The International Journey of an Impact Investor
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August 6, 2021

From Middle America to Nigeria to Thailand, Mexico and Indonesia, Ellen Fish makes her mark

By Robert Hurst, Athena Global Advisors

Recently I sat down for a talk with Brooklyn-based impact investor Ellen Fish. Ellen is the founder of R.I.S.E. Artisan Fund, a venture working to create sustainable livelihoods for rural communities with few economic alternatives.

Ellen may be based in Brooklyn currently, but her professional focus and her formative experiences are decidedly international. From a very young age she received a much more eye-opening education than her American peers. Her father was a professor who took part in a Ford Foundation project in Nigeria in the 1960s, so the family lived in Katsina, Nigeria when she was 10 years old. She was deeply affected by the extreme poverty, the acute malnutrition of the Nigerian kids. “It was very shocking for a kid from a small town in Wisconsin.”

As she grew up she found herself drawn again to distant parts of the world, living in Mexico, Thailand and India.

“The innovation that we find has broad applicability is coming out of emerging markets.”

Back in the States, Ellen worked in communications and marketing, and became involved in new product development — “creating business lines out of nothing.” Her interest in marketing new businesses melded with her passion for immersing herself in other cultures, and led her to begin working with artisan enterprises, “getting the products to market, but there’s also a need for capital in order to grow that enterprise.” And that’s where R.I.S.E. Artisan Fund comes in.

Ellen Fish

“I think we’re in a global environment now.  We have global supply chains and we’re linked globally,” she says. “I think there’s a sense that it’s riskier, but I don’t in reality think it is… I think there are good opportunities all over the globe that let us change the trajectory that we’re on.”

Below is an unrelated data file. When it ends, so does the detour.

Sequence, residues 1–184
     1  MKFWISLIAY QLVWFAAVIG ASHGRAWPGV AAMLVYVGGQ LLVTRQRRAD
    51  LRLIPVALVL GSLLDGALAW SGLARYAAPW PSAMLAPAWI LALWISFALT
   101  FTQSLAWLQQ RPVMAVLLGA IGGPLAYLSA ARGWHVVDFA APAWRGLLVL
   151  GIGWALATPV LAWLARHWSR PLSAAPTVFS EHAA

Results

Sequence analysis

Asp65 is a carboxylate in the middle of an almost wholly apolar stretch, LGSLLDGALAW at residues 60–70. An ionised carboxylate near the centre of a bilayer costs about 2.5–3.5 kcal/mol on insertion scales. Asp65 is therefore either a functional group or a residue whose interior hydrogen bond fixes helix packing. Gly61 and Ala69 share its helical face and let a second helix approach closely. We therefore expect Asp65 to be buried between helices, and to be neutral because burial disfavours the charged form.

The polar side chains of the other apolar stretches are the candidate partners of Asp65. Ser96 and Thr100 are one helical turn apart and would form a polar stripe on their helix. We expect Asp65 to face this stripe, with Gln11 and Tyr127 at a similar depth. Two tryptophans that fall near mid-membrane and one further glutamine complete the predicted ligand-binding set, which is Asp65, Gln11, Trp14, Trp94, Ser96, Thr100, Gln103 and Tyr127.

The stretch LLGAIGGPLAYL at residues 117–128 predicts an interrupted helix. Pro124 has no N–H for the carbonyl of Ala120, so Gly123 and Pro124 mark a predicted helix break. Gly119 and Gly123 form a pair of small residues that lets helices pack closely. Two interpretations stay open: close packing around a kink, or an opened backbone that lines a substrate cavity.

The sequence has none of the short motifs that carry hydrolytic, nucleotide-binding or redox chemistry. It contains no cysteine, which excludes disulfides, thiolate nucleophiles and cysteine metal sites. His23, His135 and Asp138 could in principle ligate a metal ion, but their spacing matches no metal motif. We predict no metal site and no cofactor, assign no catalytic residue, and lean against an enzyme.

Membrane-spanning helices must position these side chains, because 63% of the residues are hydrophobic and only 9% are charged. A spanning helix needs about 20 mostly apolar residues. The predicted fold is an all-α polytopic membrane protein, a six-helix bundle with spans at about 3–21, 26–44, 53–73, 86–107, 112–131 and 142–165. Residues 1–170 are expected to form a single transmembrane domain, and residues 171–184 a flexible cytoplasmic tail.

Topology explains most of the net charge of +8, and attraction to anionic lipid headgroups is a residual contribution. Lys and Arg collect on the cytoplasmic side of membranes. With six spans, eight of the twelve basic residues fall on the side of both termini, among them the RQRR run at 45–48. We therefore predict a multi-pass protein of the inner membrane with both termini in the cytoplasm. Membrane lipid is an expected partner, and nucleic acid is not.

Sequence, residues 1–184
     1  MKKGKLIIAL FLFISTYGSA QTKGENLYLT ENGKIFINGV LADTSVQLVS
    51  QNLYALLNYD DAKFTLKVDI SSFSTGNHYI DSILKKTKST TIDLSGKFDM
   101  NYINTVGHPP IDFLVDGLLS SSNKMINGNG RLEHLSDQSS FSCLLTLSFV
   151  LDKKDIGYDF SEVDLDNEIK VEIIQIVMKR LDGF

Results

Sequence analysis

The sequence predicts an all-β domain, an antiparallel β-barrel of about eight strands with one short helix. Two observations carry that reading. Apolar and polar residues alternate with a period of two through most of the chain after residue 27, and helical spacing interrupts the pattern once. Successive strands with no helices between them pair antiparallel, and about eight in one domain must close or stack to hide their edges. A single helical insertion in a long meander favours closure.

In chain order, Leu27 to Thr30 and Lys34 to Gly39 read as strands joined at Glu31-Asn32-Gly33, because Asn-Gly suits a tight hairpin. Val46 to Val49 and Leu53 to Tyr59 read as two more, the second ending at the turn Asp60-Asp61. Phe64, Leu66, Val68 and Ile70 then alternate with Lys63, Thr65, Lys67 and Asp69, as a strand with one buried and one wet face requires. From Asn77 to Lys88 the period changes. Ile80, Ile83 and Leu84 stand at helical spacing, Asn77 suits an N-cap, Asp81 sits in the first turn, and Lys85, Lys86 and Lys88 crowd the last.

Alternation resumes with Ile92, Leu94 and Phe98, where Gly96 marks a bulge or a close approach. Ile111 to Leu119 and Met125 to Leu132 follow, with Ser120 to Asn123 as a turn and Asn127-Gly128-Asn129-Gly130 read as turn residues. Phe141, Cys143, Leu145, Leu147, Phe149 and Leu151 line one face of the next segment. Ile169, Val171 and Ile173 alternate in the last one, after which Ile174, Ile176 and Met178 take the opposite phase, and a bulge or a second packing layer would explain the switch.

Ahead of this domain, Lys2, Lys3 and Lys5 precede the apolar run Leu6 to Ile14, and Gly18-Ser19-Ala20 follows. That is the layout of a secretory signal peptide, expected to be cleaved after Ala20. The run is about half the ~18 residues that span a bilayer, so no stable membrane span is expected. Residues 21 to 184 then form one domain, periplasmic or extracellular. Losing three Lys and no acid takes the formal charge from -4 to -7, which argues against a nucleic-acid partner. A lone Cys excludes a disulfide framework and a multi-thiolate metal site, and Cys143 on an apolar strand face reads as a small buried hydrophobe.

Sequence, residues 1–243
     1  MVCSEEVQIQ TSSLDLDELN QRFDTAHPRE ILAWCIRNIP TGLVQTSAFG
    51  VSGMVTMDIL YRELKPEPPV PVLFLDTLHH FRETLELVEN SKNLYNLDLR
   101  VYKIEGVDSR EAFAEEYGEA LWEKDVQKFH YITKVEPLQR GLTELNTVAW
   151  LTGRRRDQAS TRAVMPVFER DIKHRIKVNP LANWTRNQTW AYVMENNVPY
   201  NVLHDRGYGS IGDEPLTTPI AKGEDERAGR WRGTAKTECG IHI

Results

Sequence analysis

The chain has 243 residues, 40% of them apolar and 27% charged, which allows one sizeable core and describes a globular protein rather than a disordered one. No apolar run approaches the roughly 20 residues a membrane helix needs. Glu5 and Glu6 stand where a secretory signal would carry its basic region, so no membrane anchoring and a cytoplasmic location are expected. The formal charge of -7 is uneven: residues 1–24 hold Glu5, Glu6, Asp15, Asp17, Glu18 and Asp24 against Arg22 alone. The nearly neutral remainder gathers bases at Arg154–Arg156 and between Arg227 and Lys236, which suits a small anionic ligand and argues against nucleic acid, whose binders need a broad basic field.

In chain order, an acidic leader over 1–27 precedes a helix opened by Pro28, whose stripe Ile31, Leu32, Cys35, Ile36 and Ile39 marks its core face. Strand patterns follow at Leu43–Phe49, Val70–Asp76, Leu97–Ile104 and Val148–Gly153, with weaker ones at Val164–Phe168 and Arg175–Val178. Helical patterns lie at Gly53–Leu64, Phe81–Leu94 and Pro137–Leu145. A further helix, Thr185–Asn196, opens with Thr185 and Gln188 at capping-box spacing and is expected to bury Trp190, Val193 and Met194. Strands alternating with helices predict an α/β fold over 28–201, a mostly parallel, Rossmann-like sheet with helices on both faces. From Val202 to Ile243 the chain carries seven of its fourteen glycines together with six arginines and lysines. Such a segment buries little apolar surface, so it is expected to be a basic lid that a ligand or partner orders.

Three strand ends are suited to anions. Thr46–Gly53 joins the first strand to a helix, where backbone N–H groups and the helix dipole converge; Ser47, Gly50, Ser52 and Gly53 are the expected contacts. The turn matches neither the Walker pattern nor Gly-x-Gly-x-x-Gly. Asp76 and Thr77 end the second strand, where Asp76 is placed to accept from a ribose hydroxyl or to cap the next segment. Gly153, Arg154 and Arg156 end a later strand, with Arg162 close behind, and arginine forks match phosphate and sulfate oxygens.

“The innovation that we find has broad applicability is coming out of emerging markets.”

Considering her vast international experience, we’re very proud Ellen chose to invest in Indonesian artisans through BIDUK, the prototype debt fund administered by Athena Global.

Her decision to invest was driven first and foremost by her trust in Kaylene Alvarez, Athena’s founder and CEO and Managing Director of BIDUK, but the team also gave her confidence. “I was impressed by the quality of people she was recruiting,” Ellen said. “And the loan process.” She also mentioned the backing from the Australian Department of Foreign Affairs and Trade (DFAT), the fact that it was in an emerging market and focused on women-led companies as important factors. “I mean, It checked all the boxes.”

Watch BIDUK Indonesia for a new video featuring Ellen’s thoughts on impact investing and why she thinks emerging markets are the best bet for impact investors, to be posted in the coming days.

To learn more about R.I.S.E. Artisan Fund, visit